“Luckily my teachers know me, otherwise they might think it’s laziness. Last week I missed a paper deadline because of my enthusiasm. I had a good subject in mind, and reading about it made it better and better. I would quickly be reading up to 40 articles instead of 15 because I also want to read articles that the researchers are referring to, and by then the deadline has passed before the paper is good enough for me.”
Van der Laarse has tried all kinds of methods to test how she learns the fastest. At the moment this is the so-called Pareto principle (also known as the 20/80 principle): with 20 percent of the time, she gets 80 percent of the work done.
Although her schedule looks like it takes more time than it opens up, she says: “It has never been so quiet in my head. In the beginning, it was time-consuming, but I am getting better at it. I was always extremely stressed. Not anymore. I can no longer think that I am not doing enough and that also gives peace. If I ever have the time, I will make an app of the system, so that everything is clear and it is no longer on paper. “
Her weeks are color-coded: a black week is everything at twenty percent, a red week is everything full-time, and therefore not according to the Pareto principle. The reflections on her stress levels and emotional health ensure that she does not go too far. “If too many consecutive weeks are red and my stress levels are high, I have to take it easy and plan a black week. If I have done everything according to my schedule, that feels like enough. Then I can rest.”
At every daily entry, it says “Would Oppa be proud?”. “ ‘Oppa’ is Korean for an older brother. I have a good online friend who is very pragmatic and efficient. The question is always: would he be proud of me?”.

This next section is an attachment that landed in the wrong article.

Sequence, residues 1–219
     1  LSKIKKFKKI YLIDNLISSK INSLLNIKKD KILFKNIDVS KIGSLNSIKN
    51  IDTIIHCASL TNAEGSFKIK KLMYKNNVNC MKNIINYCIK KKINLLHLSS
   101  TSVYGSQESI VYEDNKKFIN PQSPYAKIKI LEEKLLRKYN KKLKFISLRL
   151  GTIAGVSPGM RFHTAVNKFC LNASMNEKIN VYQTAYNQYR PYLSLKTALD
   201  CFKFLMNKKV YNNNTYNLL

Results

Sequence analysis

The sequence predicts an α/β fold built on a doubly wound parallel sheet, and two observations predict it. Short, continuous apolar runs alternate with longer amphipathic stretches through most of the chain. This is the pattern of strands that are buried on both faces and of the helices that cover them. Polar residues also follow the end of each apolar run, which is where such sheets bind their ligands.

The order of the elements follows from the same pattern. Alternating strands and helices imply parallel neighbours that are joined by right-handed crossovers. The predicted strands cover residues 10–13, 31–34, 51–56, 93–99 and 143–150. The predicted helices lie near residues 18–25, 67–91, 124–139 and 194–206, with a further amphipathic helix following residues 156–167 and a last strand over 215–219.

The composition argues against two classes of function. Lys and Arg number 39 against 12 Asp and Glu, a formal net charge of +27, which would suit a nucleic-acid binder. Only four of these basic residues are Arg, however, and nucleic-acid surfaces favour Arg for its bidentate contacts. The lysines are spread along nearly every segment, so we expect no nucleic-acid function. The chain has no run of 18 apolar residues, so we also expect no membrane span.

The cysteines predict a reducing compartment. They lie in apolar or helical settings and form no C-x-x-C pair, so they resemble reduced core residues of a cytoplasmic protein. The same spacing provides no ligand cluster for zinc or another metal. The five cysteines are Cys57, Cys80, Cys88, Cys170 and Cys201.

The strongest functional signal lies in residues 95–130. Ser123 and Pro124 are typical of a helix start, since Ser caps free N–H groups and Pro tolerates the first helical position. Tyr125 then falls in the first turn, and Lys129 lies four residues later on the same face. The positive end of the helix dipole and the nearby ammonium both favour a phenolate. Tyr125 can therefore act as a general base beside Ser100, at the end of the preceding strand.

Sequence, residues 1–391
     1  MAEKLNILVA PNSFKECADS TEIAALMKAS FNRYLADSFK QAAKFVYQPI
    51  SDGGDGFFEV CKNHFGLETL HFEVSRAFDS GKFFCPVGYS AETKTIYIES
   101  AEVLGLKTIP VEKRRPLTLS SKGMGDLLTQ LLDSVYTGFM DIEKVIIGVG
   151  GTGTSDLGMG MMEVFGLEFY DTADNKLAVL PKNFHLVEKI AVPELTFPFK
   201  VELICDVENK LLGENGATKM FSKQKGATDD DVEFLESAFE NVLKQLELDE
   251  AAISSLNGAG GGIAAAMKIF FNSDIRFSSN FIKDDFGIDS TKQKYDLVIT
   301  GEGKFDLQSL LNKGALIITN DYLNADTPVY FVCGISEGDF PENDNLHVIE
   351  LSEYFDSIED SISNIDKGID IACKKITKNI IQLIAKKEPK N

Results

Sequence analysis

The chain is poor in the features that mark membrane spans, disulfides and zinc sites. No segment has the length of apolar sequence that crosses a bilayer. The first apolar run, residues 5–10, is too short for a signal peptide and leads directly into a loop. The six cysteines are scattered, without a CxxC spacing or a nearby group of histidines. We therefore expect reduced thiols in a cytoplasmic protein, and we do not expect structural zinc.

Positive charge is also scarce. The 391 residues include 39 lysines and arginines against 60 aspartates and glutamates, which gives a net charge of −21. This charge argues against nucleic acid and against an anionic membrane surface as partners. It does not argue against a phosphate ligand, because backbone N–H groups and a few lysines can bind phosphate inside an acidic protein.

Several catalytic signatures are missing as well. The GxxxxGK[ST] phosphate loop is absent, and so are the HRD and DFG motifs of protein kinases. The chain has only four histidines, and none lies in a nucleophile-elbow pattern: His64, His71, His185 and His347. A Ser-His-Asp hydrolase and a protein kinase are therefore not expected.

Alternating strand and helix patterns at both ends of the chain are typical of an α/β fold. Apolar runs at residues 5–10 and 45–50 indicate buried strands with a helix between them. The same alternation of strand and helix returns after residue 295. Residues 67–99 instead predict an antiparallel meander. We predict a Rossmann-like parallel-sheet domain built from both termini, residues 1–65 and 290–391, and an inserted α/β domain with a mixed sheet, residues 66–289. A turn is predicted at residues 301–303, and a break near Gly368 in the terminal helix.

Every day, she plans exactly what tasks she must complete and how many ‘Pomodoro’ (a time block of 25 minutes) are needed to do so. To concentrate, she uses Forest, an app in which you plant a tree that grows when you don’t look at your phone, and stops growing if you do. At the back of her book are roadmaps with the tasks subdivided into subtasks, which she neatly crosses. “You can immediately see if you work fast or are behind.”
Maintaining a social life in addition to all this is difficult, she admits. “I usually combine it with spending the night. I have a boyfriend, but we don’t do much together except for sleeping. Last weekend I had to take a break and I stayed over at a friend. We would just be studying together, but it still feels like I am out of the house.”
She also barely sees her family, sometimes at four-month intervals. So she spends the Christmas season with them. “During Christmas, I will be sleeping a lot, but mostly spend a lot of time with them. Christmas is one hundred percent dedicated to my family.”
After completing her bachelors, she wants to do a master’s degree (“probably several at the same time”) and her dream is to get a Ph.D. “I really enjoy academic research and I read and write quickly, which is a big advantage. People often ask me how I do everything at once. Maybe I’ll start a blog about it.”